JC: Well, I’m not even sure if he is American. My first idea was that he’s from England, and he’s come over here because he’s been successful here. But then also, I imagined him being from London, Ontario, and then he just stops mentioning the “Ontario” part, and he’s just become more and more pretentious, and starts speaking completely differently. What was the question? That’s my least favorite thing to hear myself say, is “What was the question?”
AVC: Whether you saw him as a parody of Americans.
JC: Ah, right. No, but the way he dresses is very American. And all the Bluetooth stuff he wears. You get on the plane here in Texas, and all the dudes seem to have those. Actually, on the way here, I heard these two strangers sitting behind me on the plane talking about their Jawbones. [Affects American accent.] “Oh, is that the Jawbone?” “Yeah, it’s pretty good. It’s the best one I’ve had.” [Laughs.] Their Bluetooths. Blueteeth? Bluetooths? What’s the plural of Bluetooth? It’s like the “mouse/mice/mouses” question.
AVC: This is your second wholly unlikeable character, after Eagle Vs. Shark. Do you find those roles easier to play?
JC: Well, on Flight Of The Conchords, sometimes the character’s pretty unlikeable. I’ve got a friend who’s a really funny actor in New Zealand that I used to work with. I remember him reading a script and going, “I’m trying to think of what’s likeable about this character.” And I said, “Why?” And he’d go, “Well, I always try to make my characters likeable.” And then something just clicked in my head, and I go, “I think I’m going to try and always think of what’s unlikeable about my characters.” I try to have a balance of things you like and things you don’t like about a character. But once you start that, all these scripts are like, “You play the douchebag friend of Ashton Kutcher.” It’s all these characters that are overconfident or hyper-masculine.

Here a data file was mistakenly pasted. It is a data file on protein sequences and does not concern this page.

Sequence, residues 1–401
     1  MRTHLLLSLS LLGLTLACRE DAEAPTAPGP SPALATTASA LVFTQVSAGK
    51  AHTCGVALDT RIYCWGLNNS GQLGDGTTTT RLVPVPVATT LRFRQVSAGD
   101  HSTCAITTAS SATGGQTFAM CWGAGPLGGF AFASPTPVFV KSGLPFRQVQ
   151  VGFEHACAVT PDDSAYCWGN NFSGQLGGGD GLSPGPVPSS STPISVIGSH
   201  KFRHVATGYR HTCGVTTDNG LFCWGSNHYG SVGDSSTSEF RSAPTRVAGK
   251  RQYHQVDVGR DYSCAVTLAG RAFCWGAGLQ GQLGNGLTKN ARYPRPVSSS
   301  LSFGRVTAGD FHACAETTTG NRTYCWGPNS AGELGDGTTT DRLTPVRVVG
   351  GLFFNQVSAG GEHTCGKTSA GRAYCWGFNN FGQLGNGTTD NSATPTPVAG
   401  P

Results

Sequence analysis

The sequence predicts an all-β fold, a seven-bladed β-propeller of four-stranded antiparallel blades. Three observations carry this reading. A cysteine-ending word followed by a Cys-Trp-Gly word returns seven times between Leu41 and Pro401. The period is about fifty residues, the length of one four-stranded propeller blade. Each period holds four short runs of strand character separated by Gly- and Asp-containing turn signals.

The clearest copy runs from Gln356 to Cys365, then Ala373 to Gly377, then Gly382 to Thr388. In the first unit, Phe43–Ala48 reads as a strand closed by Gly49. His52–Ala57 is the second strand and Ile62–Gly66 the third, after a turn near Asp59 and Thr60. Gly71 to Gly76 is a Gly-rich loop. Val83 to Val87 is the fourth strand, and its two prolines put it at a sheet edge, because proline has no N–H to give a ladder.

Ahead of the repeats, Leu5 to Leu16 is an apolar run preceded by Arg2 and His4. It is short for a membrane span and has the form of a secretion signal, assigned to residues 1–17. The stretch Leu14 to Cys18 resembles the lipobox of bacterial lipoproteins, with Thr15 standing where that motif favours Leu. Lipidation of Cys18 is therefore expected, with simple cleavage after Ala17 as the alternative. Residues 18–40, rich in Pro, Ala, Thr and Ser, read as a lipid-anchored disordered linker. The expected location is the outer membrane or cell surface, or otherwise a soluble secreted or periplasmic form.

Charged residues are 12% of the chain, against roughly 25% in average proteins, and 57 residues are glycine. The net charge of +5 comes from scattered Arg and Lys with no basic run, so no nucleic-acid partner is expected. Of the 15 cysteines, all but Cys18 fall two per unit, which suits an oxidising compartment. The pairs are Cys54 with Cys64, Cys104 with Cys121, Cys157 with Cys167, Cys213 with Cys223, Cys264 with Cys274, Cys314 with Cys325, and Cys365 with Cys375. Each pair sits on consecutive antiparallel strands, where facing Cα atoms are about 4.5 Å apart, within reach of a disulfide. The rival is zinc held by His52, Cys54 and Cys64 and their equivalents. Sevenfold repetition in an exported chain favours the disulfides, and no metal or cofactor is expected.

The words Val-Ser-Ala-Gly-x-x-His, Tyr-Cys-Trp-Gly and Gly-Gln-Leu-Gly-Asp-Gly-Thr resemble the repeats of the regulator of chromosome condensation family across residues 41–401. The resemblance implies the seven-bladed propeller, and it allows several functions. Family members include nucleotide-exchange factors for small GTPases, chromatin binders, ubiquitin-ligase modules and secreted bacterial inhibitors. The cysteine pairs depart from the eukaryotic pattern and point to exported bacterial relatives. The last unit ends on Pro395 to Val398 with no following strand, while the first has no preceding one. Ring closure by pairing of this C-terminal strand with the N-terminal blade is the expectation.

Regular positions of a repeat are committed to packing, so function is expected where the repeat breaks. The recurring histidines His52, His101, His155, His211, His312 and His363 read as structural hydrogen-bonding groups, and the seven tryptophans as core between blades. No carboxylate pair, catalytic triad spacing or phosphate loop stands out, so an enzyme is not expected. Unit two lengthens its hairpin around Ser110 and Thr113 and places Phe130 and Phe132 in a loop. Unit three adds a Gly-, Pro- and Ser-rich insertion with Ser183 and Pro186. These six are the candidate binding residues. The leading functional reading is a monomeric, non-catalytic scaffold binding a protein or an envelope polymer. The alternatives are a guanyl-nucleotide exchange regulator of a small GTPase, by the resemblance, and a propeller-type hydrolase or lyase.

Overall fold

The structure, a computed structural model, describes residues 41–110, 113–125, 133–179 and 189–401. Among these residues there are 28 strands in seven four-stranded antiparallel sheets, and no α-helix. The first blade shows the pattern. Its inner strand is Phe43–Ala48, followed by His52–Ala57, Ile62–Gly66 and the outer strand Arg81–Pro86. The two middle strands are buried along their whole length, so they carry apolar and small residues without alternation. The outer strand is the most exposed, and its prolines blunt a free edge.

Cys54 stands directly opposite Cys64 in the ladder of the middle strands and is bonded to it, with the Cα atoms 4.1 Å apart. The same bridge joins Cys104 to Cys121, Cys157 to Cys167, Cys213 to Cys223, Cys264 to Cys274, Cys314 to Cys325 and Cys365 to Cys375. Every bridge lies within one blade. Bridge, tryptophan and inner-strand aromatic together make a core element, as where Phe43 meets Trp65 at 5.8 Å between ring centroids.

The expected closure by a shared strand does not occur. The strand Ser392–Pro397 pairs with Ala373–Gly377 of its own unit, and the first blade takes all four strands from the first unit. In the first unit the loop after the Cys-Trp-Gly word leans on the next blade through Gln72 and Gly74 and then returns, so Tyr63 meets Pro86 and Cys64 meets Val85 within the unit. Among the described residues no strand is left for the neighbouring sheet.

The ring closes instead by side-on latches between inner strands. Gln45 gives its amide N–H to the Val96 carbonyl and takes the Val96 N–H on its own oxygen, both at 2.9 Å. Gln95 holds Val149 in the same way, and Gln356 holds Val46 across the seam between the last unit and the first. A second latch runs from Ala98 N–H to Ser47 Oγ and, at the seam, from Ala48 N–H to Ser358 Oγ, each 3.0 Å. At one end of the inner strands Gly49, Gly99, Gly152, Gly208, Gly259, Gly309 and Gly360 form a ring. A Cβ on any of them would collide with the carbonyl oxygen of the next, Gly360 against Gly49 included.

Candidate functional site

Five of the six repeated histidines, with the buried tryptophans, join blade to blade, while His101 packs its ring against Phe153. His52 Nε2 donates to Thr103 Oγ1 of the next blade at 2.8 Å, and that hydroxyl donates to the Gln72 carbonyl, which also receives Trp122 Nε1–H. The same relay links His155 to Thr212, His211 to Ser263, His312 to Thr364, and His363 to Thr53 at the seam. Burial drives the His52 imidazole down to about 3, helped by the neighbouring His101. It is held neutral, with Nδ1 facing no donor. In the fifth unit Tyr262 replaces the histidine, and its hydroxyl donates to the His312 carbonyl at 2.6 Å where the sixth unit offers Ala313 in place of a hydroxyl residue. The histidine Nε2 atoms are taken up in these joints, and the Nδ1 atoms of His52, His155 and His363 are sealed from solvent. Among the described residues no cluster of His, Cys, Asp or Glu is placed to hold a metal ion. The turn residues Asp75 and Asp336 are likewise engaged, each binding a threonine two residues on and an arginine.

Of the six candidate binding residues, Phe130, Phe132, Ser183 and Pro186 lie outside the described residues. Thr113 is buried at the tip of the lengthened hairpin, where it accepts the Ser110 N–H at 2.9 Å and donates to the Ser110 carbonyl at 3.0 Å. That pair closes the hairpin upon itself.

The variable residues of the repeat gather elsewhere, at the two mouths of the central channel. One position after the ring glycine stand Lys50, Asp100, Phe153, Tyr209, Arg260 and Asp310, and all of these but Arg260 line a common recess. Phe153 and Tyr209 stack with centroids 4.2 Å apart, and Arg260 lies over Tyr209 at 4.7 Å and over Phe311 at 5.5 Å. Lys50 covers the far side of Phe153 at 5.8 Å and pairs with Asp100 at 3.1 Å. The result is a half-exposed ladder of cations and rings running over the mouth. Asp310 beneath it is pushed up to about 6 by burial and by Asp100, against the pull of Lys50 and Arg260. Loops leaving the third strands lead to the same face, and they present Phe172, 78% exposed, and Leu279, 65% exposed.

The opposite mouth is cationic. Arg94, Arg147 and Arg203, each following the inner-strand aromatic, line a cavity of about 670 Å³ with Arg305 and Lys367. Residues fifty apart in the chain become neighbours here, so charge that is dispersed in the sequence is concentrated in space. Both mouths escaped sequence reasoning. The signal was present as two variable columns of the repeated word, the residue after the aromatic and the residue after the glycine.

AVC: Are those the sort of parts you’re usually offered—the “wacky best friend”?
JC: I’ve been offered a couple of those, yeah. But I’ve been asked to read for so many of those, more than you can imagine. The friend of the main guy.
AVC: Is that a trajectory you’re interested in pursuing?
JC: The wacky best friend? Yeah, I’d love to corner the market on the wacky best friend. [Laughs.] Who do you think’s the best?
AVC: The best wacky best friend?
JC: I can only think of one wacky best friend who I thought was awesome: Rhys Ifans in Notting Hill. He really nailed the wacky best friend.
AVC: That’s the bar you’d have to clear, I guess.
JC: Yeah, and I don’t think I can do that.
AVC: With the Emmy nomination and this movie role, has your increased visibility affected the dynamic between you and Bret in the Conchords?
JC: What, are you serious? [Laughs.] No. A couple of years ago, we didn’t even know what the Emmys was. They said “the Emmys,” and we were like, “Oh, cool. What’s that?” I honestly mix them up with the Grammys. There’s an interview I did in New Zealand when we were nominated for a Grammy, and I said, “Yeah, it’s so great to be nominated for an Emmy.” And Bret goes, “No, a Grammy.” I didn’t know. We don’t really have a reference for them.
AVC: So there was no tension that you were nominated and he wasn’t?
JC: I felt a little embarrassed when he congratulated me for it. But man, neither of us really care about that thing—but particularly him. He doesn’t even watch TV. I don’t have a TV, but when we’ll have meetings, and they’ll talk about other shows, he’ll know Friends or Seinfeld, or something really big and famous, but he doesn’t know anything about TV. He’s barely watched it. I grew up in front of a TV.
AVC: Now that the show’s been nominated and the album’s come out, there’s probably even more pressure to do the third season of Conchords. Any movement on that?
JC: Yeah, I can’t really tell you. I don’t know. We’re thinking about it. We’re kind of on the Larry David model. The writing is just a boring job. It’s just a horrible job. And then we’re filming for like seven days a week for four or five months. It might be with an occasional day off, or like a half-day off, but it’s really grueling. Because the creative part of it, we’re doing—writing the music, recording it, playing all the instruments, either doing the scripts or the rewrites for other people’s scripts on the weekend, and then filming it in the week.
AVC: Are you still actively writing music, at least?
JC: I’m actively going out onto the porch and noodling around on my guitar.
AVC: Do you see a point where Jemaine the movie star might overshadow Jemaine from the Conchords?
JC: Oh, I don’t really think about that. If it’s something I want to do, I’ll try and do it. Both me and Bret, we think very short-term. We just go project to project, and try to motivate it with fun, rather than some creative trajectory.